2006 Mercedes-Benz ML500

2006 Mercedes-Benz ML500

We finally got some real seat time in the all-new M-Class–and it was worth the wait. The new Mercedes truck is everything the old ML wasn’t, beginning from bare metal. Where the old M was a body-on-frame, overweight truck with a leather-and-wood wrapper over sturdy but plebian mechanicals, the new crossover structure gives the M a refined nature the previous iteration could never hope to match. Where the old M had quality problems and suffered owner complaints for years into production,

The new M is the product of a more meticulous Mercedes-Benz–having implemented stringent new quality controls on the assembly lines and sworn off the complicated electronics they included simply for their own sake. Overall, where the old M was more status symbol than sensible automotive choice, the new M oozes not just class, but competence.

Outside the change isn’t so evident; the new M looks a lot like the old, re-rendered in hi-def. The corners and bodyside lines are a little more creased; the trim and sparse chrome bits a little more defined. The saw-tooth grille insert is reminiscent of machined industrial equipment. Jeweled taillamps and HID headlights complete the high-tech theme. One thing hasn’t changed, though–that oversized, tri-pointed star on the grille is still suitable for Flava-Flav’s accessory drawer.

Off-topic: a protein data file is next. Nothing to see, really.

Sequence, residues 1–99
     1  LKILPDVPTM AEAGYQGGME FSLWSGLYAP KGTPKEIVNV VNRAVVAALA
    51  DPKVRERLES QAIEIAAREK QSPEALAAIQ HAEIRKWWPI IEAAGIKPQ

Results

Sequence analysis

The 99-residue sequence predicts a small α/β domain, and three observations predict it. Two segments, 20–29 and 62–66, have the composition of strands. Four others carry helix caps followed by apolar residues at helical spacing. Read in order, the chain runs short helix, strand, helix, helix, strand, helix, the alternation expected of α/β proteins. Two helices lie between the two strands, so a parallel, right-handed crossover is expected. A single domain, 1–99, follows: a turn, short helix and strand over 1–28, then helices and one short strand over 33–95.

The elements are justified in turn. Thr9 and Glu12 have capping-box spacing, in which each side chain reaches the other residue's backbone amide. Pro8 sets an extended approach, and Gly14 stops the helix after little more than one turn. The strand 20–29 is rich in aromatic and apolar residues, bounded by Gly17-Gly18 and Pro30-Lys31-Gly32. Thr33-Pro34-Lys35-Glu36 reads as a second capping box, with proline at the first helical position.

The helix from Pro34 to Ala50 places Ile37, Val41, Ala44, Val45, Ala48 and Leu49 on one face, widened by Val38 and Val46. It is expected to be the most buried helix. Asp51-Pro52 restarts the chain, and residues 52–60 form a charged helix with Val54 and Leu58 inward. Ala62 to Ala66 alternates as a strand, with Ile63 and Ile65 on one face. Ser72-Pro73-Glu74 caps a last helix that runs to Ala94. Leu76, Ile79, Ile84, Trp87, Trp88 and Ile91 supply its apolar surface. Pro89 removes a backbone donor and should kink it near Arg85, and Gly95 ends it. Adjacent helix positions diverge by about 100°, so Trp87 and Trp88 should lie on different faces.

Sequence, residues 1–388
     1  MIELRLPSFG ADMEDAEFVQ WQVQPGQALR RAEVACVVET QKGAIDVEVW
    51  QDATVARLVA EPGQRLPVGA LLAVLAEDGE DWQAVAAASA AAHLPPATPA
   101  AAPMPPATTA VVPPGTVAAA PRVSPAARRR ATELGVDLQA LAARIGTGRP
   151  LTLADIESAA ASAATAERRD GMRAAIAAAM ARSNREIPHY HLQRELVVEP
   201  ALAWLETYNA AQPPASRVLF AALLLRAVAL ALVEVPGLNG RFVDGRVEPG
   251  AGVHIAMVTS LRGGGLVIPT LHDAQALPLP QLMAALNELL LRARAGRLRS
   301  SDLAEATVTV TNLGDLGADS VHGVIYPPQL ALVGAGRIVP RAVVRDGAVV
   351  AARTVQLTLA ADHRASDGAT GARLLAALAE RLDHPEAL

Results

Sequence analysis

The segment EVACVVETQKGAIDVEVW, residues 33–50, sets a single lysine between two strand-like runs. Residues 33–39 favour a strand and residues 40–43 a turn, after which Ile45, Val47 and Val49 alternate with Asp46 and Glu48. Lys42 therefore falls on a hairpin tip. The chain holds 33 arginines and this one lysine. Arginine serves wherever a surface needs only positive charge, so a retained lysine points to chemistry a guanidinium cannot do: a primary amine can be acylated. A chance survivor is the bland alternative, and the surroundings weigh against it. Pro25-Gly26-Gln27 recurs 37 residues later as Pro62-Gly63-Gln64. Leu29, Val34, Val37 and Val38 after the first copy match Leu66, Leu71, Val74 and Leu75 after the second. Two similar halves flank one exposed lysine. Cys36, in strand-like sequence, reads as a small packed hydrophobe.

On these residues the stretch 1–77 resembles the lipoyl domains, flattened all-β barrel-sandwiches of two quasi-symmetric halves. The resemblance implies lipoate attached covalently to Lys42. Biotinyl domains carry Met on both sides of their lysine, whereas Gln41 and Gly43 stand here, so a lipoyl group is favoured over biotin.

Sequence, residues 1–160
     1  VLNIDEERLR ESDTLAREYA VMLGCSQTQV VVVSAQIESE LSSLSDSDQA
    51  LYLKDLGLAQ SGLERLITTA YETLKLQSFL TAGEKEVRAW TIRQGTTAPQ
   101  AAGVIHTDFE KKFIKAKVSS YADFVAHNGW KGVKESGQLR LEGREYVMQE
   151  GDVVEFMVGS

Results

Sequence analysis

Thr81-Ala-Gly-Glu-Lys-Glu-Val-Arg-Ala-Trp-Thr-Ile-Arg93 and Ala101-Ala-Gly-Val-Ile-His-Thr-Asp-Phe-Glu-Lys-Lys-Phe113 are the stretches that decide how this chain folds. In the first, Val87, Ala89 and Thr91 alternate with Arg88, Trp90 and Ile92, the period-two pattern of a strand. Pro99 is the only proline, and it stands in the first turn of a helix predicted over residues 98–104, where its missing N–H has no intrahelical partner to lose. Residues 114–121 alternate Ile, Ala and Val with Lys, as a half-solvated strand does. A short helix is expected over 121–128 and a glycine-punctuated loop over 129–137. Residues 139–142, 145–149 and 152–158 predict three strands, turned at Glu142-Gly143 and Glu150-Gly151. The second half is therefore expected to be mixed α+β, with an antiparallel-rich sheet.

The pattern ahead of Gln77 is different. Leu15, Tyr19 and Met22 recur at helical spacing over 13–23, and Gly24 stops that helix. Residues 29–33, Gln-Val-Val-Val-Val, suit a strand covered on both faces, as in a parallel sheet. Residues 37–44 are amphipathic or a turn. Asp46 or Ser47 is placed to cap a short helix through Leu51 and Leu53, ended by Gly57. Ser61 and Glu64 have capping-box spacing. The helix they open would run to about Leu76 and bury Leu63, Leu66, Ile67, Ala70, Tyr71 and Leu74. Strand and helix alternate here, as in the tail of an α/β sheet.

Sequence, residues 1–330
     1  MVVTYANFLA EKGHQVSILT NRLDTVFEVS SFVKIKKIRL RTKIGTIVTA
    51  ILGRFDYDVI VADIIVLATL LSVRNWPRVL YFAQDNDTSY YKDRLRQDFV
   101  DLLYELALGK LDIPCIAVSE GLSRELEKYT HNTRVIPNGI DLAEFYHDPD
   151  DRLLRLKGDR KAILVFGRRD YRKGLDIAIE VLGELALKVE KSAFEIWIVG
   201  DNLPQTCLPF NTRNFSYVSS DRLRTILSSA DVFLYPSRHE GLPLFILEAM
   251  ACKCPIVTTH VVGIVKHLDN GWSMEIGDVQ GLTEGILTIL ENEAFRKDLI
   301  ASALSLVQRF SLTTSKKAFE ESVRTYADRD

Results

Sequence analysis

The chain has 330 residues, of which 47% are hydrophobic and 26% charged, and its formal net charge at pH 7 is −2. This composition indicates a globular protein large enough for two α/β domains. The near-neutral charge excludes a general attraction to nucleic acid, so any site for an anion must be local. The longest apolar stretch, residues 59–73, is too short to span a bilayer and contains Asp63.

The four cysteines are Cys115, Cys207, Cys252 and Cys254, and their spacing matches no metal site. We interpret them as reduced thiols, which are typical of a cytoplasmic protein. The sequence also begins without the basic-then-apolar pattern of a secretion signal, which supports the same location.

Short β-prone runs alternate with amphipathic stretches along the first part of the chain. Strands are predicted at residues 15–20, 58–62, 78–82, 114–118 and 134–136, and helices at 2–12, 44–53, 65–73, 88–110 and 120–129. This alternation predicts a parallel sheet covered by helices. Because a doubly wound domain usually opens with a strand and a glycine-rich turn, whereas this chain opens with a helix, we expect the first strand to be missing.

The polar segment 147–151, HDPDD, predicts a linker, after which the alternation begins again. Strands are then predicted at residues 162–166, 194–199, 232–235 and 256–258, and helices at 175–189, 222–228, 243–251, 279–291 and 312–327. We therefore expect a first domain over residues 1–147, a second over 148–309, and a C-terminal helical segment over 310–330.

Follow this link for full Mercedes ML500 Review

Click here for Mercedes-Benz ML500 Pictures

Mercedes-Benz, Road Tests

Written by Roadfly Charlie

Charlie is Roadfly’s founder and publisher, and was taught to drive by his father in a 1974 Porsche 914. That made poor Charlie a Porsche fanboy for life, and after driving a 911SC at 16, he bought and campaigned a variety of 944s at racetracks up and down the East Coast, earning awards and track records in his twenties. Charlie never really got over the car bug, and after a career in real estate development he founded the Internet media firm that became Roadfly. Charlie lives in McLean, VA with his wife and two daughters, and between the demands of family and business doesn’t have much time to play with cars anymore, excluding the machinery we review.

Leave a Reply

%d bloggers like this: